Play Well with Others: 5 Ways to Cultivate Good Work Relationships

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Courtesy of Spafinder

In this age of networking, team building and shared workspaces, good working relationships are more important than ever. We looked at recommendations from workplace management experts and compiled five tips that will make your job more enjoyable and productive–and lead to contacts that can help you build a successful career.    

Pitch In Before You Are Asked

According to Inc. magazine, you can build extraordinary relationships at work and in life by volunteering to help before you are asked. Moreover, offer to help in specific ways, not just ask a general question like, “Is there anything I can do?”  The lesson: When you make concrete suggestions, such as helping with a database or taking on a writing assignment, you can make a real difference in your co-workers lives, which will be appreciated and remembered. 

Know When Enough Is Enough

Inc. also reminds us that charismatic people are a lot of fun… until they aren’t. Know when it’s time to stop expressing your individuality and sense of humor, especially when there is a challenge or stressful situation at work.  As Inc. notes: “People who build great relationships know when to have fun and when to be serious, when to be over the top and when to be invisible, and when to take charge and when to follow.” 

Solutions Not Criticisms

The career management experts at The Balance Careers, recommend bringing solutions not problems to meetings. We all know co-workers who spend time identifying problems but don’t put thought into helpful solutions. It’s easy to be critical but finding ways to improve projects will earn you real respect from your co-workers–and your boss.

Skip the Blame Game

The Balance Careers also reminds us that blaming others for failures–and throwing them under the bus–will earn you enemies. These enemies will unite and help you fail–and that’s not the path to success. Also remember that nonverbal communications matter. Yelling or talking down to co-workers or employees is never OK but we sometimes forget that visual cues like eye rolling send a message that you don’t respect the people who work with you.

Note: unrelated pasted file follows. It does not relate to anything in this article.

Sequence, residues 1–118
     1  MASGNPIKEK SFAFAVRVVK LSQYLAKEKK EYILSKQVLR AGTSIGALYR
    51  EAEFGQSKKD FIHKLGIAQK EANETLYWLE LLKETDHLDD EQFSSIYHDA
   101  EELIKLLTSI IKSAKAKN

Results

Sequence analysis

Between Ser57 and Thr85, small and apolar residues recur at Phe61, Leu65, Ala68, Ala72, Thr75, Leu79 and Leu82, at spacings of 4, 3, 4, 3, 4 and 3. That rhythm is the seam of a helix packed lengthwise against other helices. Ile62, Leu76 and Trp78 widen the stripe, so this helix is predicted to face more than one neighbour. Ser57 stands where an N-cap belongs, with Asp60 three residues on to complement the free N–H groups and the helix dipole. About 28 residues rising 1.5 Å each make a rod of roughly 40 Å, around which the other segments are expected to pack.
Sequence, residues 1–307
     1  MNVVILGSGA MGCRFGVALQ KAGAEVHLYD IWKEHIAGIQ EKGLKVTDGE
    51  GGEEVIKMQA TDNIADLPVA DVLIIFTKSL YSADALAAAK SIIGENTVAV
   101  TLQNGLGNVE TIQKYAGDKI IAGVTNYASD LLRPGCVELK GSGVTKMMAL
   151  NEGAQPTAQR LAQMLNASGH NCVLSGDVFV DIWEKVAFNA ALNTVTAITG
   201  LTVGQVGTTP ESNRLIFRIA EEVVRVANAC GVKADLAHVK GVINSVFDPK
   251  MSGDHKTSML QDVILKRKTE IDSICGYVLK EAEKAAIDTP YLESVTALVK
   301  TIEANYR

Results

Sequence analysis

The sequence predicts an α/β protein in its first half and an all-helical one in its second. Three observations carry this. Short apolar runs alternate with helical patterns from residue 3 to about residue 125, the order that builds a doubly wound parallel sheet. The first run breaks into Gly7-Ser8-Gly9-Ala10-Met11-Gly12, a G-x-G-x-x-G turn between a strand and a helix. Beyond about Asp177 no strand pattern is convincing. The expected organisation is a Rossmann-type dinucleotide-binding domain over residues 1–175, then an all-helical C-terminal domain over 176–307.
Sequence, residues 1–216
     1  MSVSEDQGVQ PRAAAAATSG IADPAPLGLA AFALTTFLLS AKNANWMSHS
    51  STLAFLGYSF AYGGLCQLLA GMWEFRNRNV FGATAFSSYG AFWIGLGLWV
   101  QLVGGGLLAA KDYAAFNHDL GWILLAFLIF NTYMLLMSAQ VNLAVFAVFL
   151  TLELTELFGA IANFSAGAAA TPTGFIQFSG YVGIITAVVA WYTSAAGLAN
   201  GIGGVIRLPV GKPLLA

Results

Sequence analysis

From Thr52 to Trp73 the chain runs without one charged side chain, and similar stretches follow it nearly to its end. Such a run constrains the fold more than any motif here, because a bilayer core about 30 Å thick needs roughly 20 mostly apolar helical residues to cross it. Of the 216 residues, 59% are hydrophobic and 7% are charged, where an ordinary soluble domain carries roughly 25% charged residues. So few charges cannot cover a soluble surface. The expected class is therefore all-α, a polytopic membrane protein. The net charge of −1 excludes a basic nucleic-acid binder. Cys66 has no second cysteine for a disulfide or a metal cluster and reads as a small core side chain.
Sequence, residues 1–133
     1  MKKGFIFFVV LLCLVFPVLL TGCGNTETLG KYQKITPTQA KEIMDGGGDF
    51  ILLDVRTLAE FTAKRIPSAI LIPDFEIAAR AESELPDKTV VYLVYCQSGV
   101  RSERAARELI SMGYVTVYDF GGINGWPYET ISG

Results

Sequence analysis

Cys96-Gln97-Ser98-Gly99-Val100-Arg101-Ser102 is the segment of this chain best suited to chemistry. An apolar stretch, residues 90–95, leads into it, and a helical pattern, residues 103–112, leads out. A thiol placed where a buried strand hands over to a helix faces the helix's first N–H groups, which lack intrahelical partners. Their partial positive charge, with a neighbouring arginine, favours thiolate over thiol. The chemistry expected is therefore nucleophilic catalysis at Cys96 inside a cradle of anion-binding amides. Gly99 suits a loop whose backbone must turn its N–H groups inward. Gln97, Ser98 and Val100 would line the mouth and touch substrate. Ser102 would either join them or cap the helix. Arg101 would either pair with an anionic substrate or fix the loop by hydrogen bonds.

And if you make a mistake or hurt someone’s feelings, apologize before you are asked. 

Keep Your Commitments and Share Accomplishments

Small Business Chron also points out that that “trust, teamwork, communication and respect are keys to effective working relationships.” That includes keeping your commitments and sharing successes. We know we look bad when we miss a deadline or don’t complete a project. However, when we miss deadlines and commitments, we also negatively impact our co-workers–and that is a certain path to poor working relationships.  If you know you will miss a deadline, be sure to tell your teammates and boss in advance. And if you have too much on your plate, speak up. 

In addition, whenever you complete a project, share credit and say thank you. Recognizing the people who helped you to the finish line is a great way to build great work relationships.

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